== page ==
AGOA and the Dinosaurs

Rob Davies, the minister of trade and industry, is a member of the South African Communist Party’s central committee whose collective signature is on an article in the current African Communist. In it we learn that the African Growth and Opportunity Act, which helped SA run a $2 billion trade surplus with the US last year, is a tool devised by newly confident “monopoly capital” to force neo-liberal policies down the throats of SA’s working class.

“Imperialist” America, say Mr Davies and his friends — prime exhibits all in SA’s Jurassic Park of failed ideology — are “pushing South Africa very hard” by attaching “conditionalities” to AGOA’s just enacted 10-year renewal.

The SACP dinosaurs acknowledge “the US is not necessarily keen to drop its AGOA relationship with South Africa”. On that, at least, they are correct. Shakier, though, is the logic on which they base their conclusion. Call it Sino-manic infantilism.

Ending SA’s AGOA benefits would, they argue, “run the danger of ceding further market space in Africa to China”.

How, exactly? AGOA is a non-reciprocal programme. US exports enjoy no privileged access to the SA market but SA importers buy them anyway. To retaliate for loss of the AGOA gift, SA would have to impose de facto sanctions on US goods and services. All to get back at the US for denying SA trade privileges the nanosaurs have denounced as an “imperialist” plot.

But let’s leave the Park and return to the real world where, at the behest of Congress, the office of the US Trade Representative is reviewing of SA’s compliance with those pesky AGOA “conditionalities”, none of which, by the way, has changed since the Act was passed in 2000.

Four items, I am led to believe, top the US agenda. Three are agricultural, relating to chicken, beef and pork. The disputes involved concern non-tariff phytosanitary barriers. On their face, they are hardly the stuff of ideology.

The other matter is the Private Security Industry Regulation Act Amendment Bill which appears to threaten foreign firms iwith expropriation by forcing them to sell assets at fire sale prices. The Act awaits President Zuma’s signature. The review, giving rise as it could to the loss of some or all of SA’s AGOA benefits, is meant to focus his attention on sending the bill back to parliament for improvement.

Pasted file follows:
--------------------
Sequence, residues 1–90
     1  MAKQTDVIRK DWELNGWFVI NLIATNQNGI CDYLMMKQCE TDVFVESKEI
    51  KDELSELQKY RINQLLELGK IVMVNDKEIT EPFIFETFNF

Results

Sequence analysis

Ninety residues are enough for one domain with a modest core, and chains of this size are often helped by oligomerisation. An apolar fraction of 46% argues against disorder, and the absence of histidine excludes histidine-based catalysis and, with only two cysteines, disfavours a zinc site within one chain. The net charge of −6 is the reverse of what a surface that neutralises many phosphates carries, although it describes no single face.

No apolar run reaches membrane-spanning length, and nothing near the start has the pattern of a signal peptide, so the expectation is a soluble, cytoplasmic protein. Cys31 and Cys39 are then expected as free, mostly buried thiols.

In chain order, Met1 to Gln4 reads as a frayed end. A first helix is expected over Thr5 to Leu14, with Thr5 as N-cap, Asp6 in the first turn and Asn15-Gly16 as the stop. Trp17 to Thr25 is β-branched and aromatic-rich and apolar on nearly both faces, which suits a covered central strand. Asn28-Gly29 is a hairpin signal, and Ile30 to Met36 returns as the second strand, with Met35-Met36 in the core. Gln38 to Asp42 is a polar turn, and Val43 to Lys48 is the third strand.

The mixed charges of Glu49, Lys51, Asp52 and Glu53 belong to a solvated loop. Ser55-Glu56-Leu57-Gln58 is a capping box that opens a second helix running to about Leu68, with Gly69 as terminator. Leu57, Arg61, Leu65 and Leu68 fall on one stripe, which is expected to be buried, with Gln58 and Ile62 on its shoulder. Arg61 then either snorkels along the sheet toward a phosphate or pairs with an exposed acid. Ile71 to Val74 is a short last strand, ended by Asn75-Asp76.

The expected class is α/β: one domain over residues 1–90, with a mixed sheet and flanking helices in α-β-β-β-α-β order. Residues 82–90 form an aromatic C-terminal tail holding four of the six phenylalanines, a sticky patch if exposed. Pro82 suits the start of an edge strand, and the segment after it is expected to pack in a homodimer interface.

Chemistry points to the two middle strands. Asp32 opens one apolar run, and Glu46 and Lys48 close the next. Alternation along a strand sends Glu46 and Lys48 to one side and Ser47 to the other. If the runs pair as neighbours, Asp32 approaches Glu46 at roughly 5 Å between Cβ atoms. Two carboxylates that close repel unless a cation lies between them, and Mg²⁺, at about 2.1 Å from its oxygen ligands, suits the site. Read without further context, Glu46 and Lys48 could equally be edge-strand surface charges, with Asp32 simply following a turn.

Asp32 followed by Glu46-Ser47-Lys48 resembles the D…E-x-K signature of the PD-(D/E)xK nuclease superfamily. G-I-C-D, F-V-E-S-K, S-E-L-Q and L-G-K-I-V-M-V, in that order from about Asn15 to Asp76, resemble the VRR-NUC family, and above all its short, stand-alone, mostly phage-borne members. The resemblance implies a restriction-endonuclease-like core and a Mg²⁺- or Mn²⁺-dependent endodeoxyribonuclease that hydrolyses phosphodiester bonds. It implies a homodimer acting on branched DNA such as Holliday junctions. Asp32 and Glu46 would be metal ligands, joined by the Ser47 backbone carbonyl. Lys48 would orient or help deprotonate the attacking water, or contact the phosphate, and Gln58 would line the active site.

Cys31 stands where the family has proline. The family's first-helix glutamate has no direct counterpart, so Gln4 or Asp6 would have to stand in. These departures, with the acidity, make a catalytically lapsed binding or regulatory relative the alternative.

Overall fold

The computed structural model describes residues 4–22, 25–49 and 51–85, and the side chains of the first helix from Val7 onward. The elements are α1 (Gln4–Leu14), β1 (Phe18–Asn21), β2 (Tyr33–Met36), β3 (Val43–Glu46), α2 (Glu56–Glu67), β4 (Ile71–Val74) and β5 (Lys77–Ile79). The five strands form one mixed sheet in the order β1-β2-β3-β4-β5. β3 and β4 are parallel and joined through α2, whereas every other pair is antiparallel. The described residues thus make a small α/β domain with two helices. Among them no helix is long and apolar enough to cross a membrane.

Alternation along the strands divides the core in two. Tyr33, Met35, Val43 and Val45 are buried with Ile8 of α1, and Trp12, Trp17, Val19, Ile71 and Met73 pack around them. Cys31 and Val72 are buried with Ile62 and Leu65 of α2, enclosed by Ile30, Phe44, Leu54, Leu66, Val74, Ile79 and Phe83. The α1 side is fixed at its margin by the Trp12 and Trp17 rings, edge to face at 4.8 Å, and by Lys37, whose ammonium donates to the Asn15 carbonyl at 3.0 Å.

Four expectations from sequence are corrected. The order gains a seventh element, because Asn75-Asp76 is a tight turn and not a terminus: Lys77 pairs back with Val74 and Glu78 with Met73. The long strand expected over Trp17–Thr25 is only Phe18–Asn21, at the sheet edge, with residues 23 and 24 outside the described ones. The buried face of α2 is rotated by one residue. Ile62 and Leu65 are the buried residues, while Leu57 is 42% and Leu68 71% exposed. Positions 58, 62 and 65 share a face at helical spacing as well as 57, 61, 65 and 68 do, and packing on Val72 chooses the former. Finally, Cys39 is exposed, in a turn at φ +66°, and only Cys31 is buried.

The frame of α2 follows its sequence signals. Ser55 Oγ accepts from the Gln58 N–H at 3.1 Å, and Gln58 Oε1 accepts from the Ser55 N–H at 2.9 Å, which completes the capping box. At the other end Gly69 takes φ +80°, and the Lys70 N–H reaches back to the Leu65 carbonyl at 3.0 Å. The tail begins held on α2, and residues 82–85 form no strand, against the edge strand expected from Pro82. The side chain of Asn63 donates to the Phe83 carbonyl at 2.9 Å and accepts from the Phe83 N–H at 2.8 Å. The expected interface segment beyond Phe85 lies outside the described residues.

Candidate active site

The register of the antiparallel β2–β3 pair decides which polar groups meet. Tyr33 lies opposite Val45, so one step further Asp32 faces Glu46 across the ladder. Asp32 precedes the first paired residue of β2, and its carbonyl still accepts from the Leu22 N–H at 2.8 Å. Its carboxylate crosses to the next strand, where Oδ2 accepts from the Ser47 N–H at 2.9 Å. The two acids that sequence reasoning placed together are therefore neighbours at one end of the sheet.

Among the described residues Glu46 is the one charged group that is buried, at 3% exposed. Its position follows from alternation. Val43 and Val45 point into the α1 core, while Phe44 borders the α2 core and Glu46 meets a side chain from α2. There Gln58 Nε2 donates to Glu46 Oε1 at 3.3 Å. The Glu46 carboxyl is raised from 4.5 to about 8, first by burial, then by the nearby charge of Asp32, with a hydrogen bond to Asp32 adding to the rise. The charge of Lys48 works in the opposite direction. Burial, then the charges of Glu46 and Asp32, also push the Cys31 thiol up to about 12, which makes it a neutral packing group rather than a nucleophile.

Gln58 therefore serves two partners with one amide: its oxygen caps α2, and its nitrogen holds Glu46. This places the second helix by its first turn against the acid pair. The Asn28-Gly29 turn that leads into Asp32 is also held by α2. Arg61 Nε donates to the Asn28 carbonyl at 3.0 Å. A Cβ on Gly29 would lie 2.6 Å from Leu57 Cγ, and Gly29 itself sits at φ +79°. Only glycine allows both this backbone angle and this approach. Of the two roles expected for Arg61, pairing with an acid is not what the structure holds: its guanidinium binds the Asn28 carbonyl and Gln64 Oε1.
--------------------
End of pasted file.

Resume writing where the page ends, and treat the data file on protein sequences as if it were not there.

The great US-SA chicken spat, theoretically settled in Paris in June, drags on. Not one frozen Delaware or Georgia drumstick has since been shipped to SA notwithstanding Davies’ agreement to let in 65 000 tonnes of the things each year at the normal tariff rate (as opposed to the protectionist rate imposed to punish alleged US dumping).

The Paris agreement is not self-implementing. Administrative t’s have still to be crossed. That the US understands. Not so the total ban SA has imposed on US chicken because of an outbreak of avian influenza in the Pacific Northwest. The US wants SA to let in chicken from unaffected regions as 130 other nations do. Pretoria’s refusal, thus far, could be viewed as a case of SA not making the “continual progress” towards opening its markets required by AGOA.

The beef beef is similar. The Americans thought SA agreed in Paris to join much of the rest of world in accepting that the risk of catching mad cow disease from US livestock is negligible. US pork was shut out of SA by a new health regulation in 2013. Although progress is being made on a list of permissible cuts, the US thinks SA is being needlessly dilatory on both scores and will use the review to chivvy it along.

Disagreements of this nature are not driven entirely by science. The US is dropping heavy hints that if SA plays nicely on chicken, beef and pork, it will look favourably on South Africa’s lamb, beef, avocado, litchis, persimmons, cooked ostrich and citrus.

The US Department of Agriculture thinks those items could earn SA $175 million year in the American market. It reckons SA’s bans are costing US farmers $120 million a year in potential exports. To put things in perspective, worldwide US exports of the meats in question run around $13.4 billion.

USTR has invited submissions covering all aspects of SA’s compliance with AGOA’s requirements. These include the threshold condition that beneficiaries not treat the exports of other developed countries more generously than those of the US. SA is in breach of that rule because of its free trade agreement with the EU.

Unless specifically raised by aggrieved parties, this issue, though hot earlier in the year, looks like being shelved for later. The US would prefer not to the give the Jurassics the pleasure of seeing SA kicked, fully or partially, out of AGOA.

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